(STL.News) In an age where cash is increasingly becoming an antiquated method of payment, the risk of credit and debit card fraud is higher than ever.
In fact, a recent AARP survey found that 47% of Americans have experienced a fraudulent transaction on a credit or debit card purchase. Yet, only 14% of the victims opted to freeze their credit cards—a necessary step to keep scammers at bay.
Bottom line: Credit card fraud is a real threat, and it can fall upon anyone—whether you own a personal or business credit card.
And no matter how modern your credit card issuers’ security systems are, scammers are never far behind. That being said, we’ve identified some of the common credit card scams to watch out for in 2020 alongside information on how to stay vigilant.
1. Card Skimming Scam
Credit card skimming has been making the headlines of late. It’s a very sophisticated technique used by fraudsters and can make you incur huge financial losses, especially if you have issued credit cards on your business account to your employees.
How does it work?
A scammer will place a card skimming device (skimmer) over a card reader. This device can collect your card’s data and transmit it via Bluetooth to the scammers. Upon receiving your card’s data, the crooks will clone your card and go on a shopping spree. Skimming devices are often installed in public outlets such as in gas stations and ATMs.
While it can be hard to detect a skimming device in a payment terminal, there are some credit card fraud detection measures you can take to mitigate the risks of fraud. These include turning on transaction alerts for your credit card and using alternative means of payments, such as smartphone mobile payments where possible.
2. Interest Rate Scam
Interest rate reduction scam is common to business credit card owners, though personal credit card owners are not immune to it.
How does it happen?
You receive a call from someone claiming to be a representative of your credit card company. They’ll tell you that you’re eligible for a special program that will cut your interest rate and/or slash your credit card debt.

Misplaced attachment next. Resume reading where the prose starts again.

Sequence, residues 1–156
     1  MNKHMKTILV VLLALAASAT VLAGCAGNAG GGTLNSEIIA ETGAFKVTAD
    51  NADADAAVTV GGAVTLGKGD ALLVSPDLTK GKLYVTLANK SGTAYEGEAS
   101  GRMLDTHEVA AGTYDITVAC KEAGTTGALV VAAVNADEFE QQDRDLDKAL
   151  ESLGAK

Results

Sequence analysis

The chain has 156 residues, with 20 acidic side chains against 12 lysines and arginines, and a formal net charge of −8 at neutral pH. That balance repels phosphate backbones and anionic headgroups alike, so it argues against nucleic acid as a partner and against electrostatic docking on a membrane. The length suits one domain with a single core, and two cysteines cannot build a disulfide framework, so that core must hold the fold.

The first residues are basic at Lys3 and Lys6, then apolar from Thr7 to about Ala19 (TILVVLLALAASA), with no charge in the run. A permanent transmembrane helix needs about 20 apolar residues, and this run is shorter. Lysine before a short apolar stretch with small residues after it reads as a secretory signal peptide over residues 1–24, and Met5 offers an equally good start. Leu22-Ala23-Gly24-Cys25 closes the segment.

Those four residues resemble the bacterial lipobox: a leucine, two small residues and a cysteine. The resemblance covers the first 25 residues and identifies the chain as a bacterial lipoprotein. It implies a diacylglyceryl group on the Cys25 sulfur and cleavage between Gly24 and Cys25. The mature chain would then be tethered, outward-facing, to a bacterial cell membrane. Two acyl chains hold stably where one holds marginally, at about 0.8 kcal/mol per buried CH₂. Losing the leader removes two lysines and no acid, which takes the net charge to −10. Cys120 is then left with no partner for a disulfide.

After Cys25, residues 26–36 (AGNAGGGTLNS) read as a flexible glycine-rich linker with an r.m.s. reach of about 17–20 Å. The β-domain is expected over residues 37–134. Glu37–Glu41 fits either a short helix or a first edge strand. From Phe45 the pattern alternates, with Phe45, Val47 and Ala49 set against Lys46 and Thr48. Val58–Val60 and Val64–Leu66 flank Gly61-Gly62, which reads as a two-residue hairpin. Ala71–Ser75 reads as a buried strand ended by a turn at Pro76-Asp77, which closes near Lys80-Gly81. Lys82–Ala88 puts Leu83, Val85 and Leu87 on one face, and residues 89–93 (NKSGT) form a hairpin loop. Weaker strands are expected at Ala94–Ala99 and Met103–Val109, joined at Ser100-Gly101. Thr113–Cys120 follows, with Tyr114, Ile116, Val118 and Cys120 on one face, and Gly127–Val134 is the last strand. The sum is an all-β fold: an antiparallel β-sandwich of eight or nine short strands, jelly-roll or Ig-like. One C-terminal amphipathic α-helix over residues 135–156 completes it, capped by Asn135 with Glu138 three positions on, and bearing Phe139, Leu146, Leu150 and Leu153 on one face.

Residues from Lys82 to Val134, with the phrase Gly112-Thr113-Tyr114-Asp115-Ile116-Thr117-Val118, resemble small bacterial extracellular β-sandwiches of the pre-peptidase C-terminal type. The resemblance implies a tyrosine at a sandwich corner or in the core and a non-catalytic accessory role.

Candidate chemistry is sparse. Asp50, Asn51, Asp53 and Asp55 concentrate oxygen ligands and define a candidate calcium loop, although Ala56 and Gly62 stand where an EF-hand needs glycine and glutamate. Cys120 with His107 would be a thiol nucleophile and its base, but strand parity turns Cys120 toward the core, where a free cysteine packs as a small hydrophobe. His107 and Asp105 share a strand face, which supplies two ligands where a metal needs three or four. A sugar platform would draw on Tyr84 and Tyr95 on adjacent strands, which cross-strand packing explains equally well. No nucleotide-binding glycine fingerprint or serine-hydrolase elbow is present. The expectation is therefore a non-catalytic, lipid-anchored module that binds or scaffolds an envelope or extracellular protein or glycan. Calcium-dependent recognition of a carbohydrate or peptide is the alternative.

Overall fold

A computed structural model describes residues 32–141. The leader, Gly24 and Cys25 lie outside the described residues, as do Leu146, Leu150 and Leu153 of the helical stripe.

To enroll for the program, they will ask to verify your credit card information and charge you a hefty fee for the service. You might be charged even if you refuse to join the program. You can reduce the likelihood of getting these calls by adding your number to the Do Not Call Registry.
Note that credit card companies do offer promotional interest rates to their customers from time to time. However, they never request their customers to pay anything in return.
3. Public Wi-Fi Scam
Free Wi-Fi is everyone’s cup of coffee. But to the 21st-century scammer, public Wi-Fi is akin to a goldmine. Many people have lost thousands of dollars to scammers through Wi-Fi scams.
How does the scam work?
Scammers will launch a business, like a coffee shop, and set up free Wi-Fi. Once you’re connected, the scammer will be able to view any information you send over the network.
In the event you place an order or check your credit card balance, the scammer will get all your credit card information, including your card number, username, and password. That’s all the info they need to clone your card.
We hope this guide will widen your knowledge of credit card fraud and help you to stay vigilant at all times. Feel free to comment and share.